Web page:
Crude oil rose on Wednesday as optimism for a recovery in demand in China and a possible unchanged decision to cut output by major oil producers offset worries about a global recession.
Brent crude was up 22 cents, or 0.3%, at $86.35 a barrel by 0501 GMT after falling 2.3% in the previous session. U.S. West Texas Intermediate (WTI) crude oil climbed 13 cents, or 0.2%, to $80.26 a barrel, after falling 1.8% on Tuesday.
“Expectations that China’s fuel demand will recover in the second half of the year are rising and are likely to support market sentiment,” said Hiroyuki Kikukawa, general manager of research at Nissan Securities.
Analysts at Bank of America Securities said the opening of the Chinese economy could unleash a large wave of pent-up demand over the next 18 months.
On the supply side, volumes will remain steady in the medium term as the Organization of the Petroleum Exporting Countries (OPEC) and its allies, a group known as OPEC+, are expected to maintain their production quotas.
An OPEC+ committee is likely to approve the producer group’s current oil output policy when it meets next week, five OPEC+ sources said on Tuesday, as hopes for higher Chinese demand are balanced by concerns about inflation and global economy.
OPEC+ in October decided to cut output by 2 million barrels per day from November to 2023 on a weaker economic outlook.
But gains in oil prices were capped by a bigger-than-expected rise in U.S. oil inventories reported after the market settled on Tuesday.
U.S. crude inventories rose by about 3.4 million barrels in the week ended Jan. 20, according to market sources citing data from the American Petroleum Institute. That was three times the forecast for about 1 million builds in a preliminary Reuters poll on Monday.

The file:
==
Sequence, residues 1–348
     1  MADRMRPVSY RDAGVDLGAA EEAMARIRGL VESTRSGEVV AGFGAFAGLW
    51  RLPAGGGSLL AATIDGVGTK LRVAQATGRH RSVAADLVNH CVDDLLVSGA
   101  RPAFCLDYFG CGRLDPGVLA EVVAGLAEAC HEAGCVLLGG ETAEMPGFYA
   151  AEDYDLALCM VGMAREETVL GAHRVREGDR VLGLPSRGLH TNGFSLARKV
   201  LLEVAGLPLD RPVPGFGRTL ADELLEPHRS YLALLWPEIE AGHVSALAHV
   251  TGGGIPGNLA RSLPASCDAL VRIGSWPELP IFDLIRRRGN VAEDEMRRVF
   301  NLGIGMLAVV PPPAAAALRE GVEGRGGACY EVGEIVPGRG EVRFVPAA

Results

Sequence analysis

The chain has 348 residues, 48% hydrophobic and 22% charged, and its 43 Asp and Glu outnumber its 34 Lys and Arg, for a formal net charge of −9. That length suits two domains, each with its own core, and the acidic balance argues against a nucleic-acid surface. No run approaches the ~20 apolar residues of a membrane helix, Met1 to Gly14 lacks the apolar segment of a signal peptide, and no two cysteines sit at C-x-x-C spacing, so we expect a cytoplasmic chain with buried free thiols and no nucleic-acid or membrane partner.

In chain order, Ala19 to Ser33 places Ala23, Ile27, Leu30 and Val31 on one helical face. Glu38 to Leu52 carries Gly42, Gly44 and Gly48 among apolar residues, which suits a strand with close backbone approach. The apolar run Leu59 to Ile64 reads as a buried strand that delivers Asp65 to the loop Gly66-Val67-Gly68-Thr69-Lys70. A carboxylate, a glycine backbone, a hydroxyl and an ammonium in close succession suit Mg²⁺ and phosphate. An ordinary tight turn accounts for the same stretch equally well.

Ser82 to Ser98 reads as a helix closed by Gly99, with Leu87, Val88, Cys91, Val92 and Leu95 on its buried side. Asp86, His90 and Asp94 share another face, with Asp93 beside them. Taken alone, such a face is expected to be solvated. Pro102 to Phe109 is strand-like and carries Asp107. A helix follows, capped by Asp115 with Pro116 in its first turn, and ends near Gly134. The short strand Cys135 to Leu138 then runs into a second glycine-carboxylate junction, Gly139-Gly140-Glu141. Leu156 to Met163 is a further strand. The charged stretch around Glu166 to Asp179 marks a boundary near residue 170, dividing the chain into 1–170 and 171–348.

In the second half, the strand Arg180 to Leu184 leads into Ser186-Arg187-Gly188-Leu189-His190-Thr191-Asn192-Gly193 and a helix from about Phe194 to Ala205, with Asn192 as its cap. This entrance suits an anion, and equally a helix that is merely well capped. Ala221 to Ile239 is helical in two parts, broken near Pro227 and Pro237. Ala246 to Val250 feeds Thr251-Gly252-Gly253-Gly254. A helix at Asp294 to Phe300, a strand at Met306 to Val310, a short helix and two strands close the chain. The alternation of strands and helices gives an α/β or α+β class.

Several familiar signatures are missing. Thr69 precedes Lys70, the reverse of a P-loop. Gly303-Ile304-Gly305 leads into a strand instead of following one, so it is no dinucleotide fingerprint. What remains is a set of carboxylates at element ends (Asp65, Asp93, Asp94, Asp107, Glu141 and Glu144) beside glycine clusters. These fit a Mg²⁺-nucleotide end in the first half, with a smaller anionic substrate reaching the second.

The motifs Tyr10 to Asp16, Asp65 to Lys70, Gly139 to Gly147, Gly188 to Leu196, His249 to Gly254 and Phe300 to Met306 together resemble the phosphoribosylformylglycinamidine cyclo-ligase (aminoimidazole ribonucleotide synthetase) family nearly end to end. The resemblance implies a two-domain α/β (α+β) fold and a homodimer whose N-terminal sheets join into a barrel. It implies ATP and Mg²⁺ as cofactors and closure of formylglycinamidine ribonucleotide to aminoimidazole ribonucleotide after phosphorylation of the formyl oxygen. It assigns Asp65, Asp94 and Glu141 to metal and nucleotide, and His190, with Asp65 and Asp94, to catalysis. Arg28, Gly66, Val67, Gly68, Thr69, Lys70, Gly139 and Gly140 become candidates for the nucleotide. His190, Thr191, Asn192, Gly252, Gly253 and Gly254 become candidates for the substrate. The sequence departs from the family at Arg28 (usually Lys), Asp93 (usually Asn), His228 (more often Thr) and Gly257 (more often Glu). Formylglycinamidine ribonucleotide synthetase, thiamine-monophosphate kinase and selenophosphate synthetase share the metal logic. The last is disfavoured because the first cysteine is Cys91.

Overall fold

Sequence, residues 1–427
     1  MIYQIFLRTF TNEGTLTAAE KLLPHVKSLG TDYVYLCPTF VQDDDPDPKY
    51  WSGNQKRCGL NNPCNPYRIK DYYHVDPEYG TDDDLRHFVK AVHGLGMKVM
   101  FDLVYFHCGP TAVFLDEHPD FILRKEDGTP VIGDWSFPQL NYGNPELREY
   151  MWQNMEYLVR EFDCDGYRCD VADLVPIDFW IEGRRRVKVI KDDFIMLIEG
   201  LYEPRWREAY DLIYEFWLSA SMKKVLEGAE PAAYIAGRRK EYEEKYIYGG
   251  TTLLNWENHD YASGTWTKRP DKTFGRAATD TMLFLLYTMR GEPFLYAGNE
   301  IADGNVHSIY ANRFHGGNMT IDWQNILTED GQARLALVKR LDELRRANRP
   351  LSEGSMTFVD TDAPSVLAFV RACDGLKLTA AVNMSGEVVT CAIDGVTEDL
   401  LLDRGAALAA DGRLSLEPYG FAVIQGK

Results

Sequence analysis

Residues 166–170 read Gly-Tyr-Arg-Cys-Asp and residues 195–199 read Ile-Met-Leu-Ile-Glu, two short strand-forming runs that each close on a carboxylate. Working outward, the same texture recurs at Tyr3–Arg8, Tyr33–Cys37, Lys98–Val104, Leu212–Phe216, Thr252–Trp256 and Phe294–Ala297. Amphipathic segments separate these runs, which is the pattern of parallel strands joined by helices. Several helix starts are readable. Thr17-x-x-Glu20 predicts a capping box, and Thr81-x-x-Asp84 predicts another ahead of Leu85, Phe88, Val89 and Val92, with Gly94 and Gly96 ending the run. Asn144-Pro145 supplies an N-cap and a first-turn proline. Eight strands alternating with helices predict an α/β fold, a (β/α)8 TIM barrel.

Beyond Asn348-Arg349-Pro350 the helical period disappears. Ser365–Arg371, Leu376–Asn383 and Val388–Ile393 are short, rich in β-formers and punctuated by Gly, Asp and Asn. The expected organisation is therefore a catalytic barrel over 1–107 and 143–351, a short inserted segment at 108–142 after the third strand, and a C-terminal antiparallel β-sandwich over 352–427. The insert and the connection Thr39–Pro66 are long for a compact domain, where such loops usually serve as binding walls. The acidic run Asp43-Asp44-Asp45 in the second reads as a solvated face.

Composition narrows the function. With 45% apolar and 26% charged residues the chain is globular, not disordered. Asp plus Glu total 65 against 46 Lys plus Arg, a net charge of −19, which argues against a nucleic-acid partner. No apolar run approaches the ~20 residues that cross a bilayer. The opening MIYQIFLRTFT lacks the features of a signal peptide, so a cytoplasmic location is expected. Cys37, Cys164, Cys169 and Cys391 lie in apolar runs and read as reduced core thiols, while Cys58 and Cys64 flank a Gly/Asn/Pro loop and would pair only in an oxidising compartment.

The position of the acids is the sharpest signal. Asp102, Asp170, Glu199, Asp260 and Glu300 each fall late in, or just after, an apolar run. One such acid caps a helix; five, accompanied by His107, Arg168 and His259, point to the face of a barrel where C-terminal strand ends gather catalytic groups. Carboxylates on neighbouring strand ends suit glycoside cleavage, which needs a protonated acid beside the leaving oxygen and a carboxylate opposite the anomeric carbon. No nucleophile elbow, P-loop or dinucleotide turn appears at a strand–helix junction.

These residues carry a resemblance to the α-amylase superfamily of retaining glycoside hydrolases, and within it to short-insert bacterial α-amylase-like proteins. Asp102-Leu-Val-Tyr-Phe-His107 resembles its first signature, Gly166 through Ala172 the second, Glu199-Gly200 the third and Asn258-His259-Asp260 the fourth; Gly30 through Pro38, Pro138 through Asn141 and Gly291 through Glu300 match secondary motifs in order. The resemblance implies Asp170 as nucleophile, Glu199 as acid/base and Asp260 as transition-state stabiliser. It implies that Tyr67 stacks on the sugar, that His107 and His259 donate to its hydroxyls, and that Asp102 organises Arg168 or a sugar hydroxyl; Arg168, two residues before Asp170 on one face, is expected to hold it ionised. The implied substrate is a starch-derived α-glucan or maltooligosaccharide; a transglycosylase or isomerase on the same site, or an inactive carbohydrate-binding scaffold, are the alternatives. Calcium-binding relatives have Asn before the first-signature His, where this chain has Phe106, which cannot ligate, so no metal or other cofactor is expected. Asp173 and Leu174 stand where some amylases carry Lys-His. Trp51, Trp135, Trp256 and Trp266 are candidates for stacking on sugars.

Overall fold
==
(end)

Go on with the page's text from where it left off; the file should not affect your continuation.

Nissan’s Kikukawa, however, expects the build “to be temporary, as supply disruptions from a cold snap in the United States a few weeks ago will only affect data in the next two weeks.”
Official data from the US Energy Information Administration will be released later on Wednesday.
Kikukawa expects WTI to trade in a range between $75 and $85 a barrel in the coming weeks.
Markets are also watching interest rate decisions from central banks for more trading.
“It appears that the absence of hawkish Fed comments from the current doldrums has removed a key surplus to risk sentiment for now, providing some renewed traction back to growth,” Yeap Jun Rong, market analyst at IG, said in a note.
Investors are waiting to see if the Federal Reserve “will react to the recent surprise in falling inflation and growth” when it meets next week, the analyst added.
Data on Wednesday showed Australian inflation jumped to a 33-year high last quarter as travel and electricity costs jumped, a shock result that bolsters the case for the country’s central bank to raise interest rates again next month. .